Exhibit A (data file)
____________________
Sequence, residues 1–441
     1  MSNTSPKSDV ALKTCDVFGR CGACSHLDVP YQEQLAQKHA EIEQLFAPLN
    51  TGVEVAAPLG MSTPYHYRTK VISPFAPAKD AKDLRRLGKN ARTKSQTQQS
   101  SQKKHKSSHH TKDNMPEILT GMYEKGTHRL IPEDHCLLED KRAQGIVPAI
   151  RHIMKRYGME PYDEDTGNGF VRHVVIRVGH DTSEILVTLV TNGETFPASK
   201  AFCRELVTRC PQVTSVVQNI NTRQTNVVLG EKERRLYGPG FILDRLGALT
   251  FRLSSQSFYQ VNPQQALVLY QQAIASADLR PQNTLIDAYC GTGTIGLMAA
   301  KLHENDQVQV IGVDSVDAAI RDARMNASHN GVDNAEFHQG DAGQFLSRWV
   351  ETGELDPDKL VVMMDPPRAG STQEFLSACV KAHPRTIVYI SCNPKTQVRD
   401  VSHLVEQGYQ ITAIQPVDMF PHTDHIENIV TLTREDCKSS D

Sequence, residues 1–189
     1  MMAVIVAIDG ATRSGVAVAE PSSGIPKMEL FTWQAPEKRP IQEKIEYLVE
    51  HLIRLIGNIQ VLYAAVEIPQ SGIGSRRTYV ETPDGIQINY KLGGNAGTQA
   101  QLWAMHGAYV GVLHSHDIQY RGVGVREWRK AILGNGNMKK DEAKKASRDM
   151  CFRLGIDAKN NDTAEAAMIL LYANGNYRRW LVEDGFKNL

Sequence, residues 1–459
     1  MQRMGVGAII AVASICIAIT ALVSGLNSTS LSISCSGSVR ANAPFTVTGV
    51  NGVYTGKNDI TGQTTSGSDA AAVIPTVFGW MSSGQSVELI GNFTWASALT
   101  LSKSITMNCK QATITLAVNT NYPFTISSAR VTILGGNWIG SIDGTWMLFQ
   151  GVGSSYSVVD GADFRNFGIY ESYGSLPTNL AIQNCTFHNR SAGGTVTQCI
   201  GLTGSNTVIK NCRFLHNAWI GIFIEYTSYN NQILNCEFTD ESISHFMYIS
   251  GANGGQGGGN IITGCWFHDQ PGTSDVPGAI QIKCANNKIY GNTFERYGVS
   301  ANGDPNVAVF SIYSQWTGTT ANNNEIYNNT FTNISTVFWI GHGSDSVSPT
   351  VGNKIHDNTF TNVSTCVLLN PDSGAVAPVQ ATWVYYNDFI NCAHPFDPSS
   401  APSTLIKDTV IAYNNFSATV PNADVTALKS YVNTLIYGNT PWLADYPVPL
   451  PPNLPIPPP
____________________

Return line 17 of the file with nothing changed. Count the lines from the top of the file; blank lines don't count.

     1  MQRMGVGAII AVASICIAIT ALVSGLNSTS LSISCSGSVR ANAPFTVTGV